Opinion of the French



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    The English respected their French enemy and, apart from some early problems, were generally very co-operative at picquets (outposts) including instances were the two enemy picquets would take turns at guarding to give their counterpart time to rest or eat. There was also much exchange and trade of food and clothing between the two armies.

    Wellington tried to prevent too much fraternisation by order in 1813, but it continued despite this.

    From Edward Costello (November 1810 ) At the Lines of Torres Vedras:

      At this time, and for a great part of that in which we were quartered here, a very friendly intercourse was carried on between the French and ourselves. We frequently met them bathing in the Rio Mayor, and would as often have swimming and even jumping matches. In these games, however, we mostly beat them, but that was attributed, perhaps, to their half-starved. distressed condition. This our stolen intercourses soon made us more awake to, until at length, touched with pity, our men went so far as to share with them the ration biscuits, which we were occasionally supplied with from England, by our shipping; indeed we buried all national hostility in our anxiety to assist and relieve them. Tobacco was in great request; we used to carry some of ours to them, while they in return would bring us a little brandy. Their 'reveille' was our summons as well as theirs, and although our old Captain seldom troubled us to fall in at the 'reveille', it was not unusual to find the rear of our army under arms, and, perhaps, expecting an attack. But the Captain knew his customers, for though playful as lambs, we were watchful as leopards.

    From Costello, they had just entered France in 1814 and were pushing towards Toulouse:

      After this we had a succession of fights or skirmishes with the enemy for the five or six days following, which is called the battle of Bayonne, but without eliciting any particular result. We still kept up an excellent private feeling on both sides at the outposts. As an an instance, although I must remark a general order had been promulgated prohibiting all intercourse with the enemy on pain of death, our company was on picquet near a dwelling called Garrett's house, when we clubbed half a dollar each, and sent a man into the French picquet-house to purchase brandy. It was, I recollect, Christmas-night.
      Grindle, the name of the man who was our messenger, staying longer than was usual, we became alarmed, and imagining something must have happened to him, sent two other men in quest of him. These learnt from the nearest French sentry that Grindle was lying drunk in their picquet-house. Fearful that the circumstances should come to the knowledge of Lieutenant Gardiner, the officer of our picquet, they went and brought Grindle back with them quite drunk; but just as they were emerging from the French lines, who should ride down to the front post but Sir James Kempt, who commanded our division at that time. He instantly ordered Grindle to be confined; he was so fortunate as to escape, however, with only a slight punishment.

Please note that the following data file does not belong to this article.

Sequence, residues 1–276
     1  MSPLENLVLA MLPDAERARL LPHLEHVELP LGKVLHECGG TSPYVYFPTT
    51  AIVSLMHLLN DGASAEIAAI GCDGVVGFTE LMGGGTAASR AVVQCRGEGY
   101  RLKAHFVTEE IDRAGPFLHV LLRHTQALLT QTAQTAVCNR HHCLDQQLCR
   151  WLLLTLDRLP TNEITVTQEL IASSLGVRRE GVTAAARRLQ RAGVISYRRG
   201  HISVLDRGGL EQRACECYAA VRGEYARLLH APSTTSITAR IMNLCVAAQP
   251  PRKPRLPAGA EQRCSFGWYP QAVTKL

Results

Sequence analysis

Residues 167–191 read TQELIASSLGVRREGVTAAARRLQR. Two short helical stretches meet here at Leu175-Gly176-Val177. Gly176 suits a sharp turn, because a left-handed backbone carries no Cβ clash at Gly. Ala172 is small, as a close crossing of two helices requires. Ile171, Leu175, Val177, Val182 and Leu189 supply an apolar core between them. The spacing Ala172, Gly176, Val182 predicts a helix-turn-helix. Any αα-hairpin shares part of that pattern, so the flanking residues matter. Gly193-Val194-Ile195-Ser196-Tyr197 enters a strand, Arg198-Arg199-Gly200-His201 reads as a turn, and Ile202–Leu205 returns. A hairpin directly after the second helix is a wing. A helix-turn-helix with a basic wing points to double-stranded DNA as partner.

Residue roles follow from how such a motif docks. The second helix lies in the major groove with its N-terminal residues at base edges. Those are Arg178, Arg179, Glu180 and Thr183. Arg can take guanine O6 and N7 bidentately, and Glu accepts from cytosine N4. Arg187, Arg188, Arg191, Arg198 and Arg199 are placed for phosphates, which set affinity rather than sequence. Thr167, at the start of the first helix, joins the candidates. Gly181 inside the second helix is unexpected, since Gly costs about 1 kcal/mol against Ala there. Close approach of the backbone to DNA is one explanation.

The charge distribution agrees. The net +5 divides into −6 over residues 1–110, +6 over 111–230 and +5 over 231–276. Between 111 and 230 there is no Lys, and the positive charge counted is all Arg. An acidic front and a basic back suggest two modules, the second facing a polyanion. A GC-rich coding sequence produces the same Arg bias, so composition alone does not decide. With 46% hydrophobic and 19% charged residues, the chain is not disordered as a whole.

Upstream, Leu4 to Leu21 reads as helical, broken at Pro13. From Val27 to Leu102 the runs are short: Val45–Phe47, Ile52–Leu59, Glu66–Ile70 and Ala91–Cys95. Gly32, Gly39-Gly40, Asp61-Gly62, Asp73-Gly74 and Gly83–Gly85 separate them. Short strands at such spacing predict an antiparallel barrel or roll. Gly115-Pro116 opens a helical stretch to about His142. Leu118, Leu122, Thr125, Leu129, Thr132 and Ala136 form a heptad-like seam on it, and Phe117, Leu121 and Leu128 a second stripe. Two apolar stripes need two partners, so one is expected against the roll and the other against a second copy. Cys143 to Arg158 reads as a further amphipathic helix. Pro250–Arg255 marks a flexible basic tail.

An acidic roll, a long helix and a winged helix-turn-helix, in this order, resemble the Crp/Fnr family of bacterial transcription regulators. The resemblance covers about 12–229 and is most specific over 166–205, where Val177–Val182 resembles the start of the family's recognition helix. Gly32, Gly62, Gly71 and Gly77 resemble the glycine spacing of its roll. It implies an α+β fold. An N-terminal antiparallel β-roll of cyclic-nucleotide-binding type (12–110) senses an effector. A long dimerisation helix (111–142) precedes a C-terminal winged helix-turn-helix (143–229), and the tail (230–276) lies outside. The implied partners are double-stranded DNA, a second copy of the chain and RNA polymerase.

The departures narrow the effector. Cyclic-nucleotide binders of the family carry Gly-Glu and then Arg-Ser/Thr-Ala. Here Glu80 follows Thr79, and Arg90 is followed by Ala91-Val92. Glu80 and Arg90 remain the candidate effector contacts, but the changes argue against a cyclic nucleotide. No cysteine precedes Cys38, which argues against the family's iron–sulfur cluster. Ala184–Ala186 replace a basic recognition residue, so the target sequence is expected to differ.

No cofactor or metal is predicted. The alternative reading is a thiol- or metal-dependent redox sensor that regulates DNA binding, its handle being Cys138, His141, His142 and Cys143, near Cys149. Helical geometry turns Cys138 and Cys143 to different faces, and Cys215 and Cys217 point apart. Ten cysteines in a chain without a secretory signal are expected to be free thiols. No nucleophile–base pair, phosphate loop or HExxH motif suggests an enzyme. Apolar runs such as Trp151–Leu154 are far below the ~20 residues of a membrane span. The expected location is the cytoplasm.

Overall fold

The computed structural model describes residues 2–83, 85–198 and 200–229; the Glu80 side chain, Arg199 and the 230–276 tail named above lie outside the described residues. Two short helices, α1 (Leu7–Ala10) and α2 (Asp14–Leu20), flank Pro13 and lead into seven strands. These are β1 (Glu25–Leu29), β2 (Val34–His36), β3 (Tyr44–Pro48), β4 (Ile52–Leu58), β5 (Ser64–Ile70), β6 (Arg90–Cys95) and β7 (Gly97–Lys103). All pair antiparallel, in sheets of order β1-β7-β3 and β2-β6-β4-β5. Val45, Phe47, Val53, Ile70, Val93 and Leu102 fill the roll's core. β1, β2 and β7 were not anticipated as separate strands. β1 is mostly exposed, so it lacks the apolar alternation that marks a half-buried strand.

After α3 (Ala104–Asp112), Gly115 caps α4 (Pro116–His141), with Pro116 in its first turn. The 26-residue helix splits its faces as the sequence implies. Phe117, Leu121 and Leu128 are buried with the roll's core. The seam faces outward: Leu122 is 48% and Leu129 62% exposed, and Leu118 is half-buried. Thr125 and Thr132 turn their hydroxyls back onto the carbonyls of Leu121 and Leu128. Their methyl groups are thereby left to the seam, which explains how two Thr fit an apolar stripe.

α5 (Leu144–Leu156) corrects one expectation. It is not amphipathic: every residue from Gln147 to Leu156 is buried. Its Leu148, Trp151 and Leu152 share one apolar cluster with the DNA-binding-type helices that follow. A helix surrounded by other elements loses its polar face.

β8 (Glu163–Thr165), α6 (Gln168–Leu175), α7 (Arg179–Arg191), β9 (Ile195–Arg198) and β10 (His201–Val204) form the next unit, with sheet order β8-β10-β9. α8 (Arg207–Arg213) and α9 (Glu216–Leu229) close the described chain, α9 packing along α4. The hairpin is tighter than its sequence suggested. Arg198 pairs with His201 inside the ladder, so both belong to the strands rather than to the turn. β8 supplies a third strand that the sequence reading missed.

This warm feeling for the French from the British was continued when peace was declared - this from Edward Costello:

      A few days after we had to execute our old manoeuvre of allowing the French no time to rest, as we were put in motion after them. On the second day, as we halted on the Paris road, our men reposing from the fatigue of the morning's march, we heard several loud huzzas in our front. This was followed by the appearence of a carriage and four horses, which contained a French officer, who we afterwards understood was Marshal Soult. The carriage was attended by a detachment of English and French cavalry; the shouting arose from the tidings that were joyfully repeated, that peace was proclaimed, and that Bonaparte had retired to Elba.
      We were immediately on this intelligence ordered to the right-about, and marched back to Toulouse. Before we had proceeded many miles we were overtaken on the road by great numbers of French soldiers who had been disbanded, or had disbanded themselves, and who now were about retunaing to their homes, tired enough, no doubt, like ourselves, of the war they had been engaged so long in carrying on. The good feeling testified by many of these really fine-looking fellows to us was general, the Frenchmen in many instances sharing the fatigue in carrying our men's knapsacks, &C